CHANGES TO HSA BILL WILL HAVE "NEGLIBLE EFFECT" ON UNINSURED
October 12, 2006
The House Ways and Means Committee approved changes to the HSA Act prior to the break for mid-elections. The prospects for House and Senate passage of the bill are uncertain, as the changes made have caused some conflict among interest groups.
This latest iteration of the Cantor bill repeals the current limits on HSA contributions (currently capped at the amount of the insurance policy deductible), allowing contributions up to $2,700 for an individual and $5,450 for families in 2006. It would also allow the tax-free transfer of funds from other medical plans (HRAs and FSAs) to an HSA, as well as a one-time transfer from an IRA.
But the Joint Committee on Taxation wrote a memo to the Ways and Means Committee evaluating the latest proposal, saying it would have a "negligible effect" on the number of people with insurance or with HSAs. It would add about 300,000 new HSA holders by 2016, but almost half of those would have previously had health insurance. And it would cost the treasury about $1 billion over 10 years. Not the greatest outlook.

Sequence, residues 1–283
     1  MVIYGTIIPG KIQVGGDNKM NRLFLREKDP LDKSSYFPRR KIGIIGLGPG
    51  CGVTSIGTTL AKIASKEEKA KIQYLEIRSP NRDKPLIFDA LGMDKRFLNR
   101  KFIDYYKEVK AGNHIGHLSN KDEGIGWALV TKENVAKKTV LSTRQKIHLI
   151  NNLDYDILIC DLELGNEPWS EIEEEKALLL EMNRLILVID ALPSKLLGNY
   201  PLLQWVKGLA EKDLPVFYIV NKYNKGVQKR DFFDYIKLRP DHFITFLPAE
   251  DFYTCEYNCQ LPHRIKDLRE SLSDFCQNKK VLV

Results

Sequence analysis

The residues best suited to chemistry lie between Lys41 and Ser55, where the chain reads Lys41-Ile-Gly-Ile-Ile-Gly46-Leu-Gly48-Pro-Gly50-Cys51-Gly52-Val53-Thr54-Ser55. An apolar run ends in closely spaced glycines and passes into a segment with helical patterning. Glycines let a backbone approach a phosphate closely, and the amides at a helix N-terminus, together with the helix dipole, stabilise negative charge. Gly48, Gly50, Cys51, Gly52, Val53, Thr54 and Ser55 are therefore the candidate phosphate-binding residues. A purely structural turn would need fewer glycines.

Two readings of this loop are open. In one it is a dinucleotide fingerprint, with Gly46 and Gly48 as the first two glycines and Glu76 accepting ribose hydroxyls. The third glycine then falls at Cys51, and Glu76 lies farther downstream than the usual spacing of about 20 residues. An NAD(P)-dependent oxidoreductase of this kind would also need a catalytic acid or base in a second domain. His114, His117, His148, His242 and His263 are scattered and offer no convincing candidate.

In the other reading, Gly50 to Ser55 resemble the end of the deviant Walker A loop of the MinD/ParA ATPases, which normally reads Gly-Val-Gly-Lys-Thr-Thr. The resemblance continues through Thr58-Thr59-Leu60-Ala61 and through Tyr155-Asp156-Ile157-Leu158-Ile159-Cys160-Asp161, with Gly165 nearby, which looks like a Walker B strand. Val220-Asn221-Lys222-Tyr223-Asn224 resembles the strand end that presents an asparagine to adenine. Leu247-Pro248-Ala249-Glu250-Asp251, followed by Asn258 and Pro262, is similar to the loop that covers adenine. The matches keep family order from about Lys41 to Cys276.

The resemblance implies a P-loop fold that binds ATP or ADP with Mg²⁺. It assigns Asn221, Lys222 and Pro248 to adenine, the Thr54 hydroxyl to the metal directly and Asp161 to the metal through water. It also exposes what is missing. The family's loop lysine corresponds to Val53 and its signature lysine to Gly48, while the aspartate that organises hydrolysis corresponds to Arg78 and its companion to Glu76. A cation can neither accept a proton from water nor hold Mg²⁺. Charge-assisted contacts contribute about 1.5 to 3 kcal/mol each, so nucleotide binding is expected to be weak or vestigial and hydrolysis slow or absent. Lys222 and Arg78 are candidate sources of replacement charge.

By contrast, other groups argue that different changes would have a more desirable outcome, such as increasing the number of HSA holders. For instance, Senators DeMint and Ensign have each introduced legislation to allow HSA funds to be used to pay the premium for a high deductible health insurance policy.
The Bush Administration has proposed changes in the tax code that would make premiums for HSA-related insurance policies deductible from income taxes, as well as an elimination of taxes on out-of-pocket spending through HSAs. There is also Bush's recent Executive Order on transparency, which some think should form the basis for a broader transparency policy from Congress to promote HSAs.
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